NICK TURSE: Well, the U.S. has had a long-standing presence in Somalia. This has been one of the places where U.S. counterterror efforts have been at their largest in Africa. You know, it’s cited by some in the government as a success story. Al-Shabab has, in many ways, been pushed back. But, you know, there’s a continuing terror campaign from al-Shabab that doesn’t seem to be able to be solved through military means. But this is—this is the way the United States has chosen to deal with it and chosen to deal with what it considers threats all over the continent, that it’s a sort of a counterterror whack-a-mole exercise.

AMY GOODMAN: What does it mean that Trump called it a so-called zone of active hostilities?

NICK TURSE: Yeah, this allowed for a loosening of bonds on U.S. military activity there. It allows the U.S. to pursue a more vigorous military campaign. And because of that, there’s a much greater chance of civilian casualties and a chance of just continuing the cycle. This is something that experts have told me again and again, that U.S. operations on the continent are, in many ways, fueling terrorism, that these U.S. military operations are causing discontent, and by killing, you know, innocent civilians, that you’re just breeding more terrorists, country after country.

AMY GOODMAN: During a news conference last month, President Trump congratulated African leaders for helping make his friends rich.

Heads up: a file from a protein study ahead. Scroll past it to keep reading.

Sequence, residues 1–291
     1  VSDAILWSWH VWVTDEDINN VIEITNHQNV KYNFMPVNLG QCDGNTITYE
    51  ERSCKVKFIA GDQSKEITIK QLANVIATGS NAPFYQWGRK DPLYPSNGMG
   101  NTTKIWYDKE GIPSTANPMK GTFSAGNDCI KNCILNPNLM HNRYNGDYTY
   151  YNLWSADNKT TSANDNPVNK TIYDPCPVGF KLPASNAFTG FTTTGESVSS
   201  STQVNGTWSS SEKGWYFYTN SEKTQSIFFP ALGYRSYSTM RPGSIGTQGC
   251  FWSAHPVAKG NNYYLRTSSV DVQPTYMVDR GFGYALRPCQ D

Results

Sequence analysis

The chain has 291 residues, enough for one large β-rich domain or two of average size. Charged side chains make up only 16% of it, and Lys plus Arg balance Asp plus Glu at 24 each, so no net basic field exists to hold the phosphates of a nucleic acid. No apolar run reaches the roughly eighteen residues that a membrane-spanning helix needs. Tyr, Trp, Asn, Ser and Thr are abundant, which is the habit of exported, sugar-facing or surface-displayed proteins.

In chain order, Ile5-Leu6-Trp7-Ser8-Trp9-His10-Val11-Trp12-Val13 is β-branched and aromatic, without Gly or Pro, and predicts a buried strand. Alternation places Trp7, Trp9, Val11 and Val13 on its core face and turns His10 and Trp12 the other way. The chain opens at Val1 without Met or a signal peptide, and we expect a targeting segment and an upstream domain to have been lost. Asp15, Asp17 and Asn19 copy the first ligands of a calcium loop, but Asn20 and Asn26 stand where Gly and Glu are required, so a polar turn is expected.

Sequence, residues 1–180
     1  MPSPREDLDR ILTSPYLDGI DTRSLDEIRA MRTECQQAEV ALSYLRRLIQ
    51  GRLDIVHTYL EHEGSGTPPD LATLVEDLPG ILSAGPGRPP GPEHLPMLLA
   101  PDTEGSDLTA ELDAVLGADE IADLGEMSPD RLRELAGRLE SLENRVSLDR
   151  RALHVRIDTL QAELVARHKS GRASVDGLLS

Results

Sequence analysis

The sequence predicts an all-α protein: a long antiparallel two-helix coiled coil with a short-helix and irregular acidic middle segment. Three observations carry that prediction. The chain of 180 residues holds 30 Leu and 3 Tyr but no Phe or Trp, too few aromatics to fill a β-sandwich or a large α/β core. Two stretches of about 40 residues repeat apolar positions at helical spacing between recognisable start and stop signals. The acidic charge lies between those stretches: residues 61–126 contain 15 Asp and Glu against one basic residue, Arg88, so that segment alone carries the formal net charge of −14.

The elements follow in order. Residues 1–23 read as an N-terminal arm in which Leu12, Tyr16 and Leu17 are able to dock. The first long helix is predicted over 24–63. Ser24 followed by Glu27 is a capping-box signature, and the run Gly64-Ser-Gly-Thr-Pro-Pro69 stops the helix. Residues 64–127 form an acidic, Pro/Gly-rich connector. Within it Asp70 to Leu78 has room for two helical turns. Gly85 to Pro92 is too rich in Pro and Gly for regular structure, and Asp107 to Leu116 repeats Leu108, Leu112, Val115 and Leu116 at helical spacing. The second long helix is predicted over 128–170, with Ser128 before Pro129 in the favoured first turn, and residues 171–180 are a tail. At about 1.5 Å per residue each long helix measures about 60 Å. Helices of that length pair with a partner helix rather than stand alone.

PRESIDENT DONALD TRUMP: Africa has tremendous business potential. I have so many friends going to your countries, trying to get rich. I congratulate you. They’re spending a lot of money.

AMY GOODMAN: “They’re spending a lot of money,” President Trump said. Nick Turse, as we begin to wrap up?

NICK TURSE: Yeah, I think Trump has viewed Africa maybe in two ways, that it’s some sort of transactional economic zone, where the United States can extract and make money, and then, you know, as a theater of war. And, you know, that speech was exceptionally tone-deaf. And it was the first time he had really addressed what his Africa strategy might be. And as you might expect, after those words, it became more and more muddled. It’s very difficult to understand exactly what the Trump administration sees for the future of Africa, and they really haven’t even staffed up with experts on it within the administration, at the State Department. So, it seems to be an ad hoc policy. I think you’ll see a lot more military engagement, especially after Niger. And, you know, I’m not sure about the economic empowerment that Trump’s talking about.